At the moment, my friend went to visit the horse. He seems very friendly, nibbles a little bit, a bit insecure - clearly due to the lack of the right eye (well its there but he doesnt see) and overall a nice horse. He has not been handled perfectly but did not show any bad habits. He is still in the same pasture with the 2 mares, one who kicked his eye. He is repeatedly reminded by said mares that he is not the dominant figure there.
Apparently as soon as grass starts to grow he will be moved to some other pastures, god forbid, he gets hurt again....
At the moment I just want to go there and see him and then think what happens further.
     
    04-09-2013, 10:21 AM
  #65
Yearling
He may (or may not) change when he is removed from his mares... So be careful sonce you said he has not been handled perfectly. It is not uncommon for stallions to seem placid and gentle when things are " all right in their world" the problems crop up when stresses are added.

Curb the nibbling... It is a subtle cue of dominance. (Correcting the subtle cues is how you prevent a stallion from thinking bigger ones are needed). Some might disagree with me, but this is honestly what I have found after raising 5 stallions and a few more colts. (Especially watching them interact with each other)
     
    04-09-2013, 12:02 PM
  #66
Yearling
Quote:
Originally Posted by TheLastUnicorn    
He may (or may not) change when he is removed from his mares... So be careful sonce you said he has not been handled perfectly. It is not uncommon for stallions to seem placid and gentle when things are " all right in their world" the problems crop up when stresses are added.

Curb the nibbling... It is a subtle cue of dominance. (Correcting the subtle cues is how you prevent a stallion from thinking bigger ones are needed). Some might disagree with me, but this is honestly what I have found after raising 5 stallions and a few more colts. (Especially watching them interact with each other)
Of course we will get rid of all the bad habits, and work as much as needed to make him in the best horse. I want to save him, I really do, noone else was interested, just a meat buyer, makes me sad. Even with one eye, he can be a great horse - just takes more time and patience.

Some of the stallions I worked as a groom for had the habit of nibbling as well, got rid of it in a week. Towards me. One of them was very dominant, the trainer always smacked him on his face when he tried to nibble or bite, so was quite head shy. Didn't fix that, brushing his face was a nightmare, but later on he walked next to me like a puppy, not a macho stallion. Stopped bothering me when I was cleaning his box and overall was nice to work with after the first week. Others were easier from the start.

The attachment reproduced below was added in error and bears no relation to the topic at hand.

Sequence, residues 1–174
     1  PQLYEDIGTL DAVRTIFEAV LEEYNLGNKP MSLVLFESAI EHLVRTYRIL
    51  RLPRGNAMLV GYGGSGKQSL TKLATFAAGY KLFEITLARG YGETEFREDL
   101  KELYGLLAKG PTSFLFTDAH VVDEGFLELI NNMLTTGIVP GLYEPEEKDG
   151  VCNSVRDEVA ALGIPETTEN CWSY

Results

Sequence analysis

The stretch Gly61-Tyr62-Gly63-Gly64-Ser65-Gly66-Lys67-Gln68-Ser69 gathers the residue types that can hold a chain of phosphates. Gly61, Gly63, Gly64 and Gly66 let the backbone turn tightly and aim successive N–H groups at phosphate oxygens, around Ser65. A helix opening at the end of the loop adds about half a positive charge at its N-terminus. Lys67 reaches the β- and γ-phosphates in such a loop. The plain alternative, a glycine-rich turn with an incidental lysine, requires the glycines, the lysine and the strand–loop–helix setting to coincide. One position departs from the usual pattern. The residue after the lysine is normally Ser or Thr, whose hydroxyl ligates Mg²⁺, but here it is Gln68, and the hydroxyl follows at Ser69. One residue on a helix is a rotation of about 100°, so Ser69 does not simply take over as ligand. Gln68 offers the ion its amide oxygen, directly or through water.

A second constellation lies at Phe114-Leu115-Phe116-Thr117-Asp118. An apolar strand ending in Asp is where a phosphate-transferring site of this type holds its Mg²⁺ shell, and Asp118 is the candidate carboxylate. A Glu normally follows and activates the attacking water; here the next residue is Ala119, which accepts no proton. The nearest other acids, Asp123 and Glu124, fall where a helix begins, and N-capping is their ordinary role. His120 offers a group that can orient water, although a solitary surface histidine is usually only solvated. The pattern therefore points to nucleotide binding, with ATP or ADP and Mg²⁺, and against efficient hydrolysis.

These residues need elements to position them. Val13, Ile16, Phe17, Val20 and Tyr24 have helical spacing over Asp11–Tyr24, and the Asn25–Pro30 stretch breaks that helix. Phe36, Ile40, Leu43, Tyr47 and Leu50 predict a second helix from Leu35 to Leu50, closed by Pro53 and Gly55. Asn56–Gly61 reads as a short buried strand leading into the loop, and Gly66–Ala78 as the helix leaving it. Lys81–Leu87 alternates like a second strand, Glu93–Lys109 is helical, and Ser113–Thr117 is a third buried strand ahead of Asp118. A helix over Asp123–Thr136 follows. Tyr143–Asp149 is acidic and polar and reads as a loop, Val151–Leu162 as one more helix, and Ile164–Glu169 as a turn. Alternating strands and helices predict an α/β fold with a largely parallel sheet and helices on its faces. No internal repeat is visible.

I did get once pushed out of the box door when I was closing it for another stallion, but then again he was grazing on a chain all day when mares in heat are on the fields nearby. Mares he had covered and would still cover. Plus I blame the person who called my name out that time. Caught him allright because he respects fences well. Other times he was very gentle and easy going, I could ride him in the small area we had for riding, when he was started just about 2 months before at the age of 6, and the mares could stand nearby and watch and he never tried to take me to them.

The gelding that would be his company is very gentle, doesnt seem to have a care in the world, lives with a grumpy herd right now, but he never has problems, and never seems to be bothered by them all either.

And OFC If the stallion comes to my home I will keep them in separate pastures with secure fencing in between whilst they get to know each other and then slowly try to get them together, and with my friend who is helping me with all this fuss we have discussed the possibilities, if they cannot live together and he is not needed or wanted for the breeding programs, We think its better to castrate than make him live on a smaller pasture next to the other horse.. better they can enjoy their lives as friends, not just acquaintances over the fence.
     
    04-09-2013, 12:57 PM
  #67
Yearling
I wish you all the best then!
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    04-09-2013, 02:04 PM
  #68
Yearling
TheLastUnicorn, Thank you very much. :)
     
    04-16-2013, 03:58 PM
  #69
Green Broke
I grew up on an Arabian breeding farm with the most docile stud known to man. As a child, my grandpa would put me in his stall and I would brush his legs and belly. In retrospect, it was foolish and I am lucky to have not been hurt.

As an adult, I worked at a Warmblood breeding facility with a charmer of a Hanoverian stud that never stepped out of line. I would take him out to hand graze daily. He was a saint.

I have handled and met a good half dozen stallions in my life and I have never had a single bad experience as they were all owned by experienced and educated owners.

I still never drop my guard. It's not bias. It's common sense.
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    04-16-2013, 04:33 PM
  #70
Yearling
The only animal I ever drop my guard with is my golden retriever... both other dogs, even my cats before, all horses, even around chickens and bunnies I never not pay attention... I am taking everything into account that is said here :)